In addition to his own music career he directed a 1985 music video for The Bangles' "Going Down to Liverpool". He makes a brief cameo appearance in the video as their driver. This came about because his son Adam Nimoy (now a frequent television director) was a friend of Bangles lead singer Susanna Hoffs from college.

He released a version of country music legend Johnny Cash's song I Walk the Line.

Nimoy appeared in Hearts of Space program number 142 - "Whales alive"

Current work

Starting in 1994, Nimoy began to narrate the Ancient Mysteries series on A&E including "The Sacred Water of Lourdes" and "The Last Days of the Romanovs". He also appeared in advertising in the United Kingdom for the computer company Time Computers in the late 1990s. He had a central role in Brave New World (film), a 1998 TV-movie version of Aldous Huxley's novel where he played a character wonderfully reminiscent of Spock in his philosophical balancing of unpredictable human qualities with the need for control. Nimoy has also appeared in several popular television series--including Futurama and The Simpsons--as both himself and Spock.

In 2003, he announced his retirement from acting in order to concentrate on his photography, such as his recent exhibit for nude pictures of BBW women and models, but has subsequently appeared in several popular television commercials with William Shatner for He also appeared in a commercial for Aleve, an arthritis pain medication, which aired during the 2006 Super Bowl. Nimoy also provided a comprehensive series of voiceovers for the 2005 computer game Civilization IV. He also did the TV series Next Wave where he interviewed people about technology. He is the host in the documentary film The Once and Future Griffith Observatory currently running in the Leonard Nimoy Event Horizon Theater located at the recently reopened Griffith Observatory in Los Angeles, California. In January 2007, he granted an interview to Fat free film where he discussed his early career and the benefits of being typecast.[9]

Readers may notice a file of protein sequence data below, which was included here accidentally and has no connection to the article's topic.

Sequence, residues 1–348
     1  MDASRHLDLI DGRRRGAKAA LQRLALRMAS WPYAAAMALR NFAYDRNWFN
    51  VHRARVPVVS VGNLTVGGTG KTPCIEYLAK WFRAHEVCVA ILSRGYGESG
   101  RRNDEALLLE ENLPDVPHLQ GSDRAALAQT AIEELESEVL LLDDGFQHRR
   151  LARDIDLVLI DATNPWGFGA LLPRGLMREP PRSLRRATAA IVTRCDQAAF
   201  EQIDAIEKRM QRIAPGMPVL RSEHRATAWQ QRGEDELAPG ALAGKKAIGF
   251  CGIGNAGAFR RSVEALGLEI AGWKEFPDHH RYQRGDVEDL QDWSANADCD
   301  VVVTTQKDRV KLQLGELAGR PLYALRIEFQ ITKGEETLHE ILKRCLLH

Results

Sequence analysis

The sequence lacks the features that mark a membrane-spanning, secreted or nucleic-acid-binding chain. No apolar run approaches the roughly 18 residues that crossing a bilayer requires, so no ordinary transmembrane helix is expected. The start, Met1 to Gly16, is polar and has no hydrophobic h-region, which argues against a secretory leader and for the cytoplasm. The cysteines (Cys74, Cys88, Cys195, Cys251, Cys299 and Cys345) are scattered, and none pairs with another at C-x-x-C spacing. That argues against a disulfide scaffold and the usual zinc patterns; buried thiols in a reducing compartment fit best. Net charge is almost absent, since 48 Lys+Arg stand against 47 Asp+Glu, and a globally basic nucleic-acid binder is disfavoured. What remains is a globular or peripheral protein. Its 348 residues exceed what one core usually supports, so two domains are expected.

On July 26, 2007, it was revealed at Comic-Con that Nimoy would return to reprise his famous role as Spock one more time in the upcoming movie Star Trek, while Zachary Quinto will play his younger self.[10]

On November 9, 2008 he narrarated "Shining Through the Broken Glass: A Concert to Commemorate Kristallnacht".

Personal life

Nimoy has long been active in the Jewish community. As a teen he was active in BBYO, the Jewish youth organization; he won their award for distinguished alumni.[citation needed] He speaks and reads Yiddish. One of his better-known roles was that of Tevye the milkman, in the musical Fiddler on the Roof, based on the series of short stories by Yiddish author Sholom Aleichem. In 1997, he narrated the documentary A Life Apart: Hasidism in America, about the various sects of Hasidic Orthodox Jews. In October 2002 Nimoy published The Shekhina Project, a photographic study exploring the feminine aspect of God's presence, inspired by Kabbalah (esoteric Jewish mysticism). His photographs, which show nude women draped in tefillin (phylacteries), which are typically worn by Jewish males, aroused considerable controversy in the Jewish community.[citation needed]